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Take for instance the Title IX case of John Doe v. Boston College. The incident is described and documented in a complaint filed in Massachusetts District Court. The Title IX case came to fruition after Boston College students were on a casino boat event for school in 2012.
According to the complaint, security guards on the boat detained him until they got to pier. At that time, state police arrested him on the spot and placed him in handcuffs with bags on hands to preserve any evidence. He was arrested and put in jail for the weekend, and later released on bail. He was charged with indecent assault and battery and pleaded not guilty. A female student on the boat accused him of walking by and lifting her skirt, and putting two fingers in her anus.
His parents hired an attorney and a private investigator. It was forensically proven through both surveillance and DNA, as well as polygraph, that he was innocent. (It was allegedly another man who was walking directly in front of him). All charges criminally were dropped against John Doe and also erased from his record.
However, at the school level, he was immediately suspended and kicked off campus. According to the complaint, no real investigation was done. No one was allowed to testify on his behalf, the school would not take his statement, allow the private investigator or attorney to speak or introduce the evidence. He had been suspended from school pending the outcome at the same time his due process rights were stripped. He had no way to prove his innocence without the facts of the case being presented.
The school found him responsible of sexual misconduct. He appealed and was denied. He was suspended from school for two years. His official transcript stated “Suspended for Sexual Misconduct.”
He had no option but to wait out the imposed sanctions, as no other school would admit him with the branded record.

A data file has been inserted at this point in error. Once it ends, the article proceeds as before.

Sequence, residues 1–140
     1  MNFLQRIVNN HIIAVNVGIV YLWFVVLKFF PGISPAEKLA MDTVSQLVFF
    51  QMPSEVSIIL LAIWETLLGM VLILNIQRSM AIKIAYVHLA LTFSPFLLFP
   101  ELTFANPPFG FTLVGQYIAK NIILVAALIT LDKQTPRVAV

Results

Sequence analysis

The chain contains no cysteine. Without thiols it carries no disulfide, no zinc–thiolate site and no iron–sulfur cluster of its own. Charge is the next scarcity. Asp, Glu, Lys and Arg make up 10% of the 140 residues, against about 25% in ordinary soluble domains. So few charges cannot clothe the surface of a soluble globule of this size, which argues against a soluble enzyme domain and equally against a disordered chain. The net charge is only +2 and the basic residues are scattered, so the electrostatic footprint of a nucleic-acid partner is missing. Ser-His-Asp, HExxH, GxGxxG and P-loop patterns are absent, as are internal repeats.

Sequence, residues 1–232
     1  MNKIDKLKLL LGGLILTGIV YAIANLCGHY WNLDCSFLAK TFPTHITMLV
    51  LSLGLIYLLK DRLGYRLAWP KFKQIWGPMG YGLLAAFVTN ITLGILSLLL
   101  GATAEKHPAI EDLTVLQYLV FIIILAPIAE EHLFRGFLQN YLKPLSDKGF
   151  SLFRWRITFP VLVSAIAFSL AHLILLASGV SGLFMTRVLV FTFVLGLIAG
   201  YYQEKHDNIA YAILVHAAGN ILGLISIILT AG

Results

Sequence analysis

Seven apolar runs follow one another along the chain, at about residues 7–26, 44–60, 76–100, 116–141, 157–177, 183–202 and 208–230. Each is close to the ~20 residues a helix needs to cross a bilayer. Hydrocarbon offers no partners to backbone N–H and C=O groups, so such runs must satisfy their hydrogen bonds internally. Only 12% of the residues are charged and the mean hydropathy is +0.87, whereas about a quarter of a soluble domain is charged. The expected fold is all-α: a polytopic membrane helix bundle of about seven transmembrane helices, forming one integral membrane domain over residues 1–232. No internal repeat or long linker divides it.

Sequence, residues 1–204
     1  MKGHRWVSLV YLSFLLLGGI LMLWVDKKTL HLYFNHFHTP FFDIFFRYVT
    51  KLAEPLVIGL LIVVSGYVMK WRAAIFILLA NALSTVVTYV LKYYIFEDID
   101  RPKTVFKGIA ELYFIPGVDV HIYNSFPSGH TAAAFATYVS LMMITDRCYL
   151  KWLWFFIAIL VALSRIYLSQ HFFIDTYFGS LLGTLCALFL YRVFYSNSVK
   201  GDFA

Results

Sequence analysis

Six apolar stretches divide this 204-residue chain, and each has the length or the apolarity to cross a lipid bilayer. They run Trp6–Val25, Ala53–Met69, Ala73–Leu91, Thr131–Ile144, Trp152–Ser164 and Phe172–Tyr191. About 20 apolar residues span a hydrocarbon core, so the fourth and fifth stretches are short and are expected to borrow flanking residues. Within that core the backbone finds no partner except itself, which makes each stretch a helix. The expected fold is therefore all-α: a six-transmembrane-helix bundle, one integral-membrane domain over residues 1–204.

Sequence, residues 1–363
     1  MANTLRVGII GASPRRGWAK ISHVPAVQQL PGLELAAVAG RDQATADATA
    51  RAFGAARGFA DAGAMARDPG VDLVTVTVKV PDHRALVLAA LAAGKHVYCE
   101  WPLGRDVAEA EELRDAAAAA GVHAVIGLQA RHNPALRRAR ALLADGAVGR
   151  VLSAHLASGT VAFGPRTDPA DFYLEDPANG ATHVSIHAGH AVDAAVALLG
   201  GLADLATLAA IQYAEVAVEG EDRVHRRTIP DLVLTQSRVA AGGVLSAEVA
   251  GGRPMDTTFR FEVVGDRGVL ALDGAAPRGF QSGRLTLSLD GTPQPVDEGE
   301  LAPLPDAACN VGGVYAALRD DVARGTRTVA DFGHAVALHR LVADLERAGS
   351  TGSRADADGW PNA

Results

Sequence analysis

He went back to Boston College and graduated after serving his sanctions. At graduation, his father spoke with college officials (also noted in complaint), who stated they would do a re-examination of the case.
That promise was not held up and John Doe was branded a sexual predator, which every possible employer sees when they ask for his transcripts.
His life has forever been altered because of the inability of the college to follow through effectively or accurately. While technically he still has his “freedom,” his reputation and future employ-ability are absolutely tarnished with a sexual misconduct brand even though, according to actual evidence, he did nothing wrong.
I found 140 cases like the one above. The accused had his or her life ripped apart and destroyed by college administrators due to their mandate that has proven to be a complete sham. There are cases and cases of wrongful sexual misconduct brands on accused individuals that will follow them for life printed on their college transcripts, “Suspended for sexual misconduct” or “Expelled for Sexual Assault.”
One Title IX Complaint filed says that after the accuser admitted to filing to a false incident report because she was “pissed off” when she realized that John Doe had rebuffed her, and because she thought John Doe was “just another douchey frat dude,” the school continued to prosecute John Doe. He was suspended for three terms for sexual misconduct and had to sue to the school under Title IX in order to any sort of fair resolve. His case was eventually settled out of court.
Lawsuit after lawsuit show that women’s rape allegations are rarely actually investigated by colleges. Lawsuit after lawsuit also shows that when they are investigated, more harm is done than good. The harm, of course, first is to the victims. The majority of reporting statistics show that universities only pursue 1 in 12 cases of rape allegations. The victim’s cases that aren’t pursued are beyond appalling.
However, that data isn’t readily available, because either the incidents aren’t reported to the university or the university drops the ball completely.
One experienced attorney stated to me, “Title IX needs to be repealed in its entirety, because the Department of Education had twisted its reach far beyond its limited legislative intent. In the meantime, these due-process cases need to be pursued.”
This article originally appeared on The Huffington Post.
The views expressed in this opinion article are solely those of their author and are not necessarily either shared or endorsed by the owners of this website.